Friday, December 21, 2012
Bus Logic: If There are Twelve People Standing in the Aisle and Eight People Leave an Open Seat Upon Their Departure, How Many of Those Still Standing Will Notice?
It is 20 degrees outside, dark by 5:00 in the week before Christmas; and the bus patrons are packed in tightly, pressed against each other like sweaty, down-insulated sardines.
In the event that the bus crashes, this is the kind of thing that will work in our favor: no one will be hurt, we will simply be mashed into each other, forming one enormous commuter.
Bus Crash on the Number 17 Leaves 36 Permanently Fused. “It’s not necessarily a bad thing,” says Head #8. “Showers are more difficult; but as part of one large commuter, my daily bus fare is literally pennies.”
Me, though, I am one of the lucky ones this time around; one of the cake-eaters that have nabbed an actual seat. Rather than being compressed between people carrying shopping bags and, from the smell of it, curry, I have only my seatmate to deal with, a pleasant-looking man who takes up no more of his half of the seat than he should.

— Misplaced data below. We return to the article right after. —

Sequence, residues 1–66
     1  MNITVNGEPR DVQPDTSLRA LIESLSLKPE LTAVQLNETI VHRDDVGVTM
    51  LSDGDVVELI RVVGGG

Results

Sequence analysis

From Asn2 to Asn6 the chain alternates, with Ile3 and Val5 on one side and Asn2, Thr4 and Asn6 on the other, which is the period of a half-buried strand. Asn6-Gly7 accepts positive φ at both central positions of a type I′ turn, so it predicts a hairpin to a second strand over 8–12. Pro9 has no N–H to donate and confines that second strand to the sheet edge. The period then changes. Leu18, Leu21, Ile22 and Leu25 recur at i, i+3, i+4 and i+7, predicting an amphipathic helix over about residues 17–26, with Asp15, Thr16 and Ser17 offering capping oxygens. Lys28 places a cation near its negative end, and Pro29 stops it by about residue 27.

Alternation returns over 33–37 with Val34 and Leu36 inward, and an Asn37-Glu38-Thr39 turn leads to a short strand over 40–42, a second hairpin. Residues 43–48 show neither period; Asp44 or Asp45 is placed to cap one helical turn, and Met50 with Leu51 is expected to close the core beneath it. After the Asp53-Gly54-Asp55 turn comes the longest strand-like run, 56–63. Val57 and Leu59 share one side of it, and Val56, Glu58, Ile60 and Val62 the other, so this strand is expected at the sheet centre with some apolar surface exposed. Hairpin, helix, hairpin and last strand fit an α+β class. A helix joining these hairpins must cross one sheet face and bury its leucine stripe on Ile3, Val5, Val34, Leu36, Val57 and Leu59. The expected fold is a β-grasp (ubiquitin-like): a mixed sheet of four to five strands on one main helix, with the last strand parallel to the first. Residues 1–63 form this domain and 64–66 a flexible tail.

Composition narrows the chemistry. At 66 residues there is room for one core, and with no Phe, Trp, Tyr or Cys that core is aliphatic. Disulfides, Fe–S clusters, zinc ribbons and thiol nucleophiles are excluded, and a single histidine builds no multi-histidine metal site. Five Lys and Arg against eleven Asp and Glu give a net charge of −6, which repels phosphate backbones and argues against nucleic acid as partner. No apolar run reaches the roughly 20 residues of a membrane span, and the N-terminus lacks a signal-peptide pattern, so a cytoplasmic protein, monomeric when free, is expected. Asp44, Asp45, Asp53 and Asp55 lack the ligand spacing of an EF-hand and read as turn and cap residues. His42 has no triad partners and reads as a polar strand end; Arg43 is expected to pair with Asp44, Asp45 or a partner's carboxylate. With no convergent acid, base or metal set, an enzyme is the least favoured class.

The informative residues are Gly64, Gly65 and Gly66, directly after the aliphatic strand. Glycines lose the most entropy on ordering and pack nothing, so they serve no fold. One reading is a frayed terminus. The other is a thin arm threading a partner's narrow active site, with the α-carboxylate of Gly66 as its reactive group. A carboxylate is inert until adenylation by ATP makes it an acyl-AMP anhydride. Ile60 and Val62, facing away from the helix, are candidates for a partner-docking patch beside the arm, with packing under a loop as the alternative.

This is how rich people travel.
In the aisles, though, the masses sway as the bus lurches down the line, toward home, toward work, toward the immediate future.
And as a bus will do, the doors open and people get on.
At the same time, people get off.
Oddly, while the people at the back of the bus exit through the rear door, the people standing in the aisle near the front fail to turn around, fail to notice, even as others get on, that there are now empty seats and instead remain packed tightly against each other.
I lean into the aisle.
“Excuse me,” I say toward a heavily backpacked young man’s backside. “There are seats back here.”
Backpack doesn’t turn around. Further inspection on my part reveals a thin cord running up the neck of his jacket.
He can hear nothing.
And because this person isn’t moving back, no one will move back. They will remain crammed together, at the awkward whim of gravity and traffic conditions.
This sort of thing makes my head buzz.
I turn to the man seated next to me. “Why doesn’t anyone turn around? When more people get on the bus, why doesn’t someone turn around and see if there are seats?”
He smiles at me. “Baaaaaaa,” is all he says before he goes back to staring out the window.
I close my eyes. I am no shepherd.
And the Number 17 travels on.